Farmington health studio takes holistic approach

Personal trainer David Gutierrez says he opened Bodyworx to break away from corporate-based training

Leigh Black Irvin
David Gutierrez, owner of Bodyworx Health Studio, talks on Monday about his gym and services during at interview.

FARMINGTON — Teaching people how to take charge of their health and fitness is the goal of a new health studio on East Main Street.

Bodyworx Health Studio, which has been open for six months, is owned and operated by certified personal trainer David Gutierrez.

Gutierrez, who has a bachelor's degree in exercise science from Fort Lewis College in Durango, Colo., said he opened the studio to break away from expensive, corporate-based training, which is often the only available kind of fitness training.

"It's crazy what training has come to in this town. It's something so vital, yet it's become so expensive," he said. "Most people can't afford it and have come to see it as a luxury."

While most trainers charge $40 to $75 per hour, Gutierrez said he offers personal training sessions for $15 an hour and does not require that clients buy a minimum number of sessions or sign a contract.

In addition to physical training, the 26-year-old trainer also offers dietary and nutritional assessments and food plans.

When a client first comes to his studio, Gutierrez completes an initial assessment, measuring body mass index and cardiovascular health and discussing a client's diet and exercise habits and goals.

"First, I get a feel for who they are and what they're looking for in a trainer," he said. "So many ailments people have can be related to what they're eating."

David Gutierrez, owner of Bodyworx Health Studio, poses for a portrait on Monday.

After earning his college degree, Gutierrez worked for several fitness centers in Durango and Farmington and also spent time as a massage therapist for a small institute in Durango.

A serious leg injury — as well as a stint working for Farmington's Natural Grocers, where he learned about natural health supplements and herbal alternatives — motivated Gutierrez to find a more holistic approach to health and wellness.

"My mind just shifted to what normal people need," he said. "I now understand people, and I understand how hard it is for them to take this journey."

Gutierrez said most people aren't aware of how important it is to use a holistic approach to integrate nutrition, health and fitness.

"They might get the training portion but don't understand about their own dietary needs," he said. "Instead of asking clients to make drastic nutritional changes or to follow a strict diet, I work with them on making gradual changes. If their favorite thing is a burger, we might change to a whole wheat bun the first week, then maybe the next week make the burger 50 percent beef and 50 percent turkey. By just taking baby steps, six to 10 months later, they've changed their habits and they see that they can really do it."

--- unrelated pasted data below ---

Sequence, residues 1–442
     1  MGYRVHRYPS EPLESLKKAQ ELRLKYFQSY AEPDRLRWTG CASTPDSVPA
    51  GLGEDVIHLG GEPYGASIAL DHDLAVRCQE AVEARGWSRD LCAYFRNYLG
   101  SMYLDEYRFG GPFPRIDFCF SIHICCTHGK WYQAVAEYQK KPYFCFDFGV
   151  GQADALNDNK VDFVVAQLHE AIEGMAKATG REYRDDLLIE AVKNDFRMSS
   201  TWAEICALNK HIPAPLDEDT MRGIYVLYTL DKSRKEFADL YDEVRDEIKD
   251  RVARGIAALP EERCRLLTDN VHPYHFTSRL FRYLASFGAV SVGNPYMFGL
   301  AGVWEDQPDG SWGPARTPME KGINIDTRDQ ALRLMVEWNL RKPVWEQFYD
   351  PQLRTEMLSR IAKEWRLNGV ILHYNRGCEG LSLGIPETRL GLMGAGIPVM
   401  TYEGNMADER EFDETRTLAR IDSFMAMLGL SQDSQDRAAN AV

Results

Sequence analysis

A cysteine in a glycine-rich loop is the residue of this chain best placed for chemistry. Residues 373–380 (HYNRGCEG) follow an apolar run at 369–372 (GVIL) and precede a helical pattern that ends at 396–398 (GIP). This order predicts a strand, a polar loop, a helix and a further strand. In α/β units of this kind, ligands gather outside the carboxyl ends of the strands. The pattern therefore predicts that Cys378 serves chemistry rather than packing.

David Gutierrez, owner of Bodyworx Health Studio, gives a tour of his facility on Monday.

Unlike many fitness centers, Gutierrez's studio is outfitted with only the "bare bones" of equipment, in part because his intention is to teach people how to become their own trainers. Most of the studio's equipment consists of kettlebells and exercise balls, dumbbells, a multi-purpose lifting machine, a treadmill and racks with resistance bands.

"The idea was for it to be as minimal as possible," he said. "I just use what's necessary, and it's all stuff that's under $50, which is what people could afford to buy on their own. I teach them everything they need to know to get the entire workout so they can eventually do this in their own home."

Bodyworx is not a drop-in fitness center. Rather, clients must make appointments with Gutierrez for one-on-one training.

"That way, no one has to feel intimidated by other people present, and I can work individually with them on the machines," he said.

Although the studio is currently a one-man operation, Gutierrez hopes to grow his business and plans to eventually hire more trainers and offer more services.

"My whole purpose is just to cater to people and help them reach their goals," he said. "There are a million different ways they can get to those goals, and I just give them the science they need to do that."

Leigh Black Irvin is the business editor for The Daily Times. She can be reached at 505-564-4621. 

More info

What: Bodyworx Health Studio

Hours: Open 5 a.m. to 10 p.m. Monday through Sunday, by appointment

Location: 423 E. Main St., Farmington

More info: Call 505-716-2343 or go to their Facebook page.